Skip to content Skip to Search
Skip navigation

Female startup founders have ‘tough sell’ in the region

Female startup founders Unsplash/Linkedin Sales Solutions
Data from Middle East investment fund Wamda showed funding for female startup founders slumped last year
  • Experts say more women making investment decisions are needed
  • Funding for female-led startups has slumped 88%
  • UAE mandates listed companies must have at least one female director

More women need to be in investment decision-making positions to rebalance the gender bias within the Mena startup funding sector, industry experts say.

The amount raised by female-led startups tumbled by 88 percent over the first half of this year to $5.6 million, according to the latest data from Wamda, the largest early-stage investment fund in the Middle East.

In contrast male-founded startups raised $1.56 billion over the same period.

Shameema Parveen, acting co-chair of The Indus Entrepreneurs (TiE) Women Mena, says the global downturn has had “an adverse effect” on female startup founders.

She believes the most effective way to address the funding imbalance is to increase the number of women working as angel investors or in decision-making roles in fund management firms.

TiE’s Dubai chapter is aiming to address this downturn with the TiE Women Mena Programme 2023.

Open to female-run and female-owned businesses from across the Arab world, the initiative includes leadership and networking sessions and the chance to win $50,000 equity-free prize money.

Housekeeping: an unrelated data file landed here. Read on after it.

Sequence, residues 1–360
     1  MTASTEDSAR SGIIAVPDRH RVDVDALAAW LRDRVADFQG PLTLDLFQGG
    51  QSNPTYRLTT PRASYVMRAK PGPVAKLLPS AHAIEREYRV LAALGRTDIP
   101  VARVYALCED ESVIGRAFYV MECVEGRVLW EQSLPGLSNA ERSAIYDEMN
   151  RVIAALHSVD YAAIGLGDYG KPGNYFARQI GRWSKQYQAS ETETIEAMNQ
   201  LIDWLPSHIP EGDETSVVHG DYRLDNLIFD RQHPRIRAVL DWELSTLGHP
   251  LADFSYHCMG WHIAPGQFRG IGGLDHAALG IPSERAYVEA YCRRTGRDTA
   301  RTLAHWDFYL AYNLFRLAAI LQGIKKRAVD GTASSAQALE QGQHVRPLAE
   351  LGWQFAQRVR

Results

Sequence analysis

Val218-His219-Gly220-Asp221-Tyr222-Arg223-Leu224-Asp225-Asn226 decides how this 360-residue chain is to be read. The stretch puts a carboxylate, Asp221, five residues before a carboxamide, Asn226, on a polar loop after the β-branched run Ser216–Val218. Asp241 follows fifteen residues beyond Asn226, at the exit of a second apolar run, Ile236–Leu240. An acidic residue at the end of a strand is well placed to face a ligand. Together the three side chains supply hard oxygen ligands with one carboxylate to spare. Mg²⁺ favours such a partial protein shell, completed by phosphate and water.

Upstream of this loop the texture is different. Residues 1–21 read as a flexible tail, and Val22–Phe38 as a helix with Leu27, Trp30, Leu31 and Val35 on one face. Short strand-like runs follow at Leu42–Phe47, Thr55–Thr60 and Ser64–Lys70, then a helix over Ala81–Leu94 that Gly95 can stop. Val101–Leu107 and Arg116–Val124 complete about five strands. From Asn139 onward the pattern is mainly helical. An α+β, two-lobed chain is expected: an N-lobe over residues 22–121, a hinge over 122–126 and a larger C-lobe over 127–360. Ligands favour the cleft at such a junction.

Parveen said the aim of the programme is to “educate decision makers in venture capital about investing with the gender lens”.

Becky Jefferies, a co-founder of HR workflow platform Alfii in Dubai, this week announced her startup had raised pre-seed funding of $2.5 million, which she plans to invest in engineering and talent development.

Jefferies, a former Uber executive, says the small number of female founders pitching in the market is an issue but it is not the only reason for the gender disparity in funding.

“The venture capital landscape and the pitching process are both highly intimidating to navigate, and there is a known gender gap when it comes to confidence,” she tells AGBI.

“Just as women have a harder time ‘selling themselves’ to recruiters and hiring managers when applying for jobs, the same goes for women founders pitching their businesses to potential investors.

“While I don’t think this is the only factor, it’s something that can’t be ignored when it comes to the gap.”

The Wamda data showed that funding for female founders took a major slump in July 2022 when just 0.1 percent of the monthly funding was allocated to female founders.

“It’s well known that the venture capital industry is biased against women,” Jen Blandos, founder of Female Fusion, a UAE community of female entrepreneurs with more than 20,000 members, told AGBI at the time.

In a bid to equalise gender opportunities, the UAE has mandated that all listed companies must have at least one female director on their boards.

But industry experts have differing views about any proposed introduction of gender quotas for startups seeking funding.

“If we want to see any measurable increase in funding going to female founders, quotas are required,” says Lucy Chow, general partner at the WBAF Angel Investment Fund, which gives half of its funding to female or diverse founders.

Bianca Gracias, managing partner at Abu Dhabi legal firm Crimson Legal, says this is an area in which the government is unlikely to intervene.

“It’s not typical government policy anywhere in the world to intervene and impose regulation on how perhaps a venture capital fund should invest its funds,” she says.

“I don’t believe a regulation enforcing quotas for private funding organisations will ever come to fruition.”

Gracias adds that the UAE government could help bring about change by incentivising private funding organisations to support female founders. It already rewards companies with high Emiratisation staffing quotas.